Thursday, February 11, 2010

Rationalizing Dual Identities

I’m retired from the corporate rat race, and yet I have established a consulting practice, Haropulos Bailey Consulting. Occasionally, this dual identity profile I have espoused becomes a little awkward to maintain. The issue is really my online presence.

I have a single Google profile and two Blogs. This blog allows me to ramble about my transition to retired life. The other is a professional blog (, in which I expound upon business and career-related subjects. So, am I retired or am I a consultant? The answer is either “Neither” or “Both”.

Assuming that my plans pan out, I don’t ever again have to be a corporate minion. (No offense – that worked out pretty well for me for almost 30 years.) But it doesn’t mean I will never work again. I truly am excited with the idea of applying my experience and brain to short-term assignments on behalf of others. I want to consult on hospitality, customer service, and marketing/communications challenges. My yet-to-be-incorporated company, Haropulos Bailey Consulting, is intended to provide an identity around the services I have to offer.

I’ve done just a little consulting to date, with a former colleague I've known a long time, who is an exec with a company here in Chicago. I hope to do a little more, with other smart people who I respect and like. It’s time to create a web site and reach out to possible clients with a little marketing. A few hours or days here and there of man-behind-the-curtain action would be perfect. My ego no longer has need of the spotlight.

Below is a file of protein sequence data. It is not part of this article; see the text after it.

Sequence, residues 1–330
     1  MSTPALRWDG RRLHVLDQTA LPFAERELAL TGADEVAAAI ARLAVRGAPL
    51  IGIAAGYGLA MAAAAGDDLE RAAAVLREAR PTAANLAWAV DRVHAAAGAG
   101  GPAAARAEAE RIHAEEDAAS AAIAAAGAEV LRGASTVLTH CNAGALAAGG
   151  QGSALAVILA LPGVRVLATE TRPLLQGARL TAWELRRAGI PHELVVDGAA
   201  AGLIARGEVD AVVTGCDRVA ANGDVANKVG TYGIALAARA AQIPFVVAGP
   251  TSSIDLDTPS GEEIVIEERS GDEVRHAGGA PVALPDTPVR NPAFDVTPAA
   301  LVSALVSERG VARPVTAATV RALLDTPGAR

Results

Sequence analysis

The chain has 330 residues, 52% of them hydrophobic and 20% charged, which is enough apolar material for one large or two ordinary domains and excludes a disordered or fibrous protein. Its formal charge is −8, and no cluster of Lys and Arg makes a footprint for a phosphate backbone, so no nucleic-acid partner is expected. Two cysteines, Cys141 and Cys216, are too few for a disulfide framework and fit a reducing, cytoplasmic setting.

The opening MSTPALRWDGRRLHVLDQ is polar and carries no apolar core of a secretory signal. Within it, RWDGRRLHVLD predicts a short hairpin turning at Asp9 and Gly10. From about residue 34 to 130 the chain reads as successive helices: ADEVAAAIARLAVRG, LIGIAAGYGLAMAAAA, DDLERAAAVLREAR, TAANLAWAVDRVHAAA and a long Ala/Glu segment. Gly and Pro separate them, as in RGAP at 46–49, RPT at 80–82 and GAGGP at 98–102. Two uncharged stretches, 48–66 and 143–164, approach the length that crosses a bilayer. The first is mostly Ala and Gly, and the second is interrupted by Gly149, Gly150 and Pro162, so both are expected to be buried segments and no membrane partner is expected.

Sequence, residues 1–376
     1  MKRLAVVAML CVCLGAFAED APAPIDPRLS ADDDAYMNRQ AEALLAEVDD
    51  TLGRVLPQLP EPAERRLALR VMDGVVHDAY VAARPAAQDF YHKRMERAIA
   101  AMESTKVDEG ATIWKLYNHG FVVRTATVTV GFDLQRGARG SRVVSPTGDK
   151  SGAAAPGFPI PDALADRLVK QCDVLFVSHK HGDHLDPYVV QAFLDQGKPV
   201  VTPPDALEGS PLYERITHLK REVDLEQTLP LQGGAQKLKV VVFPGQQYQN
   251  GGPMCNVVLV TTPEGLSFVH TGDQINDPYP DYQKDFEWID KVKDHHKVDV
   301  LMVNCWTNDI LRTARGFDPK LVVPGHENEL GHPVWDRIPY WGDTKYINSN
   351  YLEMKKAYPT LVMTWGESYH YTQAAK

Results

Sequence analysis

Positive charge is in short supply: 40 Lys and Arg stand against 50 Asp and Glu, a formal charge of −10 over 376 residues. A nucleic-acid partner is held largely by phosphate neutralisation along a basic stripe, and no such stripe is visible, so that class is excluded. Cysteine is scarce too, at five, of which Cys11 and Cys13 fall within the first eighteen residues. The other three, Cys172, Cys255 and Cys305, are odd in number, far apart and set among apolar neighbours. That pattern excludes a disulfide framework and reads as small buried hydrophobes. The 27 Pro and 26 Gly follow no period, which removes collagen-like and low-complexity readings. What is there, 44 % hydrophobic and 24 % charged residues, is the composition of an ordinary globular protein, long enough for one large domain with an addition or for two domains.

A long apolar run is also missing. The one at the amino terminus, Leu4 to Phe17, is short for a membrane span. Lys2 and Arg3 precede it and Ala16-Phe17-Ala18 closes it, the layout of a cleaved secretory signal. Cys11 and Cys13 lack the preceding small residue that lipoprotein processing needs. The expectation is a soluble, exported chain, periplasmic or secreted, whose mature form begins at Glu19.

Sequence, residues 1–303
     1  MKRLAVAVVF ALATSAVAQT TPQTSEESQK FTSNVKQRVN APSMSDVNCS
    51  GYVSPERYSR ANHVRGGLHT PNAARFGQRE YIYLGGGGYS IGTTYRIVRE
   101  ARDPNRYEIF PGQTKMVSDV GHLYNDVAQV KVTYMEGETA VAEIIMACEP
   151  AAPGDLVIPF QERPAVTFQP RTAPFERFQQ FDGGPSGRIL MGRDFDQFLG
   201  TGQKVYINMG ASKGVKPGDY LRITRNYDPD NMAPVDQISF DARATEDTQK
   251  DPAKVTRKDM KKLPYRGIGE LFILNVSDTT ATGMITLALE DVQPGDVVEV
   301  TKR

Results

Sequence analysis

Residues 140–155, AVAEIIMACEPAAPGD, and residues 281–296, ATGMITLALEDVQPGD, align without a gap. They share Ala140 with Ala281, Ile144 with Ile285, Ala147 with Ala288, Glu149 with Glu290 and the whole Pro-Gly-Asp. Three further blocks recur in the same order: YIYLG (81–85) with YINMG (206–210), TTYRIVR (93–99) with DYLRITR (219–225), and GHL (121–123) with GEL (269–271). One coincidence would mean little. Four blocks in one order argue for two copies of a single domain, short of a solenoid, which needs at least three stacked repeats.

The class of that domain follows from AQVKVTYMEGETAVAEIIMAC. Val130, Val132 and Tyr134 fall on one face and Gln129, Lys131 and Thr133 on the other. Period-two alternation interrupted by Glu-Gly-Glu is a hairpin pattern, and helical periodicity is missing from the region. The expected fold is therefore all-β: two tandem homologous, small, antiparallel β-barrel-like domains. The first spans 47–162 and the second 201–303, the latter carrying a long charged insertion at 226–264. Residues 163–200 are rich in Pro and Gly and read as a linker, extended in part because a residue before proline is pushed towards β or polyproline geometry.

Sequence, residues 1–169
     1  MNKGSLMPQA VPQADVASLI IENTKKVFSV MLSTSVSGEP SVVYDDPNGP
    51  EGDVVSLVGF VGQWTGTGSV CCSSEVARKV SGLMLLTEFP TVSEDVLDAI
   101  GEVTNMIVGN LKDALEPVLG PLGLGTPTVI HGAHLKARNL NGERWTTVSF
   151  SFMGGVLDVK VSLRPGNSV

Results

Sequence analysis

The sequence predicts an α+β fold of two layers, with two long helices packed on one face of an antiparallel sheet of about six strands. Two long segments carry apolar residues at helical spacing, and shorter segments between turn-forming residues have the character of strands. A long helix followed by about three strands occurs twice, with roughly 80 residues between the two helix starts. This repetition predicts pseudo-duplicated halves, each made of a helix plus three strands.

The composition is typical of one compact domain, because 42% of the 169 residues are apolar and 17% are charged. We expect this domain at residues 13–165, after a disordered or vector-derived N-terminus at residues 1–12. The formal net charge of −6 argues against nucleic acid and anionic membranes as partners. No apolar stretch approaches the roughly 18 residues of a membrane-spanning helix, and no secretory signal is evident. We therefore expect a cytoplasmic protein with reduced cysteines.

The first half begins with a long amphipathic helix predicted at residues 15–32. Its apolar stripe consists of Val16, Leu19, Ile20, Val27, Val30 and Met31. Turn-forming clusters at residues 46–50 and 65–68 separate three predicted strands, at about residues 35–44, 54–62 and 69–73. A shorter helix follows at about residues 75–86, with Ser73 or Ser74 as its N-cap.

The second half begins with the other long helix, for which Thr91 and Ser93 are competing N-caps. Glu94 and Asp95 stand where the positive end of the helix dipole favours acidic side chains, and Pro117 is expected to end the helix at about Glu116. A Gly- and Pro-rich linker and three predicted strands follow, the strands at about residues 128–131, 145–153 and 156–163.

So I’d better think about how to reconcile my retired identity and my consultant identity online. If you Google Laurel Haropulos Bailey, you see evidence of both. Being “retired” could easily adversely affect people’s perception of the seriousness of my interest in consulting. I think the answer is to tweak my online identity as a retired person, and rationalize it with my consulting identity. But how?

Suggestions, anyone?


  1. You might try a different word than "retired" to describe your escape from corporate utopia ;-)

    For exampe, you could say "bought out by corporate america early" or "took the money and ran while still young enough to enjoy it" instead of "retired early." Retired early sounds like you went to bed at 8pm. ;-)

    Just some thoughts. We can noodle it over some more if none of these options appeal to you.

  2. Perhaps categorizing your life journey as personal and professional vs. retired and professional. What does retired really mean? Short for really tired (re-tired) of where you have been and want a new start?
    Anne Cole

  3. Got lots of great suggestions. Ended up changing my blog name to Runaway Boomer!